Monday, June 22, 2009

Roaming the Ruins

On Saturday I took the TGM train a few stops over to Carthage where I met up with one of the guys on the program, Akira. The sites were oddly spread out and not that well marked, so we kind of just trekked around to see what we could see, with Akira identifying the components of every column and statue we came across (he’s a geological engineer). The coolest part was the roman baths area, which had the most complete ruins over a larger area, although my mind wasn’t as much on the history as it probably should have been. After a grueling week of work I was really just enjoying the exercise and fresh air, as well as the half hour plus conversation we had with an old Tunisian museum worker who taught us how to put a pen between our teeth to pronounce خ and forecasted that we would soon be married, taking a photo of us to “show your grandchildren someday, inchallah”.

After we got tired of sightseeing, we slipped away from the hoards of bus tourists and followed a few locals down a little path to a “beach” of big rocks bordering the sea. We found a place among the rocks to stash our stuff and stealthily changed into bathing suits. Standing on the rocks waiting to jump in, I felt a pinch on my foot and looked down to see a crab dangling off of it. In the process of trying to shake it off, I ended up slipping and hitting my hip on the algae-covered rock before splashing into the chest-deep water. Akira laughed at my clumsiness and totally didn’t believe me about the crab. Later, when we got back out and were sitting on the rocks to dry off, we saw about twenty more. Ha.

We took a taxi back to Akira’s place, where I was invited to have dinner with his mom and brothers (Mediterranean salad with olives, tuna and egg; cous cous with fava beans, meatballs and liberal amounts of the spicy harissa; dessert: this delicious melon that’s kind of a cross between a cantaloupe and a honey dew that I’ve never seen in the states). I talked for a long time in French with Akira’s mother and her friend, who was apparently Tunisia’s first woman lawyer. After my experiences with my own traditional host mother, it was fun to interact with an unabashedly smoking, gaudy-jewelry wearing, French-poetry spouting, overall spunky old lady. We had espresso in the living room following dinner, after which point I begrudgingly returned home to shower the salt out of my hair and head back out to a house party hosted by Nathan and Justin’s host parents: a Tunisian artist and his French wife.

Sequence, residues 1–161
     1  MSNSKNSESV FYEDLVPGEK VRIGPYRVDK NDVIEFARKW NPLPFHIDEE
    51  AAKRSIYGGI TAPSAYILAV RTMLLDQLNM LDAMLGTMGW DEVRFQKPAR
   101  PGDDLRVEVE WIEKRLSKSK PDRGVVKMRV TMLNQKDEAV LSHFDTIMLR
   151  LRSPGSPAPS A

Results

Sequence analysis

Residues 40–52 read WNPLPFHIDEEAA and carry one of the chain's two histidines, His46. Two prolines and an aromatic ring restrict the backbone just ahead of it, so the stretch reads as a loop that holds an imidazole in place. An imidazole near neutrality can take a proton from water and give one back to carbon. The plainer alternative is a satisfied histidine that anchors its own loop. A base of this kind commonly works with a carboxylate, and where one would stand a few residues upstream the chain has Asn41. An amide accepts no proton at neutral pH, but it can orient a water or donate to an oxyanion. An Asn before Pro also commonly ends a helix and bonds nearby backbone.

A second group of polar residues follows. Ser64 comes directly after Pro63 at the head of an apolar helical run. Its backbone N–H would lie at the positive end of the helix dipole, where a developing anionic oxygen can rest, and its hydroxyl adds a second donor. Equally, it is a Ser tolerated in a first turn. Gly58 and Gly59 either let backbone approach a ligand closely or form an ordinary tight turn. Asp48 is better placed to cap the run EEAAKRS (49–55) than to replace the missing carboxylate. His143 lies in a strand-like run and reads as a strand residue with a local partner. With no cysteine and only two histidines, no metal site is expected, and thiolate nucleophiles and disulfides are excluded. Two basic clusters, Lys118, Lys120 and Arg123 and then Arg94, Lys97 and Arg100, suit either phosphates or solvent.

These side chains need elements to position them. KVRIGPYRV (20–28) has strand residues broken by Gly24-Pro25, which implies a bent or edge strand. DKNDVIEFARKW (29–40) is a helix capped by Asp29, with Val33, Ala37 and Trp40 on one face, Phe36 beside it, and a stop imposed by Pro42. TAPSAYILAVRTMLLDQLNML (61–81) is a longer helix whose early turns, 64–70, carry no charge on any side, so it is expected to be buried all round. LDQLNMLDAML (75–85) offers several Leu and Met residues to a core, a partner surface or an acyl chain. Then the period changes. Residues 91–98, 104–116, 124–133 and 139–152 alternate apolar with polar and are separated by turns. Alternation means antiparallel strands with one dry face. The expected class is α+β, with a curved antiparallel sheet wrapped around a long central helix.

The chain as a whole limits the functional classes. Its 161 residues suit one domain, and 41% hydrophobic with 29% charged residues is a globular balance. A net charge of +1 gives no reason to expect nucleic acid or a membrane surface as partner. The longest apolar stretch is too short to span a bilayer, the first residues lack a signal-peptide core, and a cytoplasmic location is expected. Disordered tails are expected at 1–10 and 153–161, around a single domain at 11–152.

Their place was AMAZING—a bright, airy celebration of a house, with yellow walls overflowing with the dad’s artwork, light fixtures sculpted from driftwood, and knickknacks from various corners of the globe. In short: everything I want my house to be assuming I ever grow up and settle down long enough to get one. The music was similarly eclectic—I recognized some Cuban rap from my Spanish class alongside traditional Tunisian tunes and Michael Jackson. My FLTA Ashraf taught me how to dance like a Tunisian, and the host’s huge dog Starsky joined in the dancing with the mother as his partner (apparently dancing is Starsky’s favorite past time). The food was also great, (Tunisian brique, tarte, watermelon, sausages, and even wine! Yay French wife) but since I was still pretty full from Akira’s, I stuck mainly to almonds, which in Tunisia come fresh in their fuzzy green shell. It’s almost a social activity to sit around eating them, as it takes quite a bit of effort and jaw strength to bite through the green covering and the tan shell, then peel off the skin to get to the fresh, moist, milky-colored almond fruit (apparently it’s the oxidization that makes them brown).

Overall, a great Saturday, and it was nice to see everyone looking so happy and relaxed for once. Sunday was pretty uneventful, but a nice chance for me to reorganize my notes a bit and review vocabulary. Today was work-work-work our time with the worse teacher seemed a little more productive today (she got on me for doodling though...grrr..I swear it helps me concentrate by giving me something to do with my hands). I also think I got something out of my one-on-one tutoring, even if it was a drain on my hw time. My this week's happy thought: our second excursion to the South starts Friday morning and ends Monday night. Translation: both this and next week will be only four days long! woohoo!

1 comment:

  1. W007! Two days out of class? I swear Carthage was the name of the town Civilization gave me every time I played the Romans...
    I so want to come to visit you... the food, the sights the sea that's warm enough to swim in? I can see my breath INSIDE my house at the moment. Not to mention the rain, snow, fog, rain again we've been having. Doesn't stop James from going kayaking every weekend or two. I don't know how he does it. When there's snow on your boat and you have to break ice to get in the river, I'm pretty sure sitting at home with a book and a glass of wine and a fire would be more pleasant.
    Sigh, I will live vicariously in warm weather with you instead.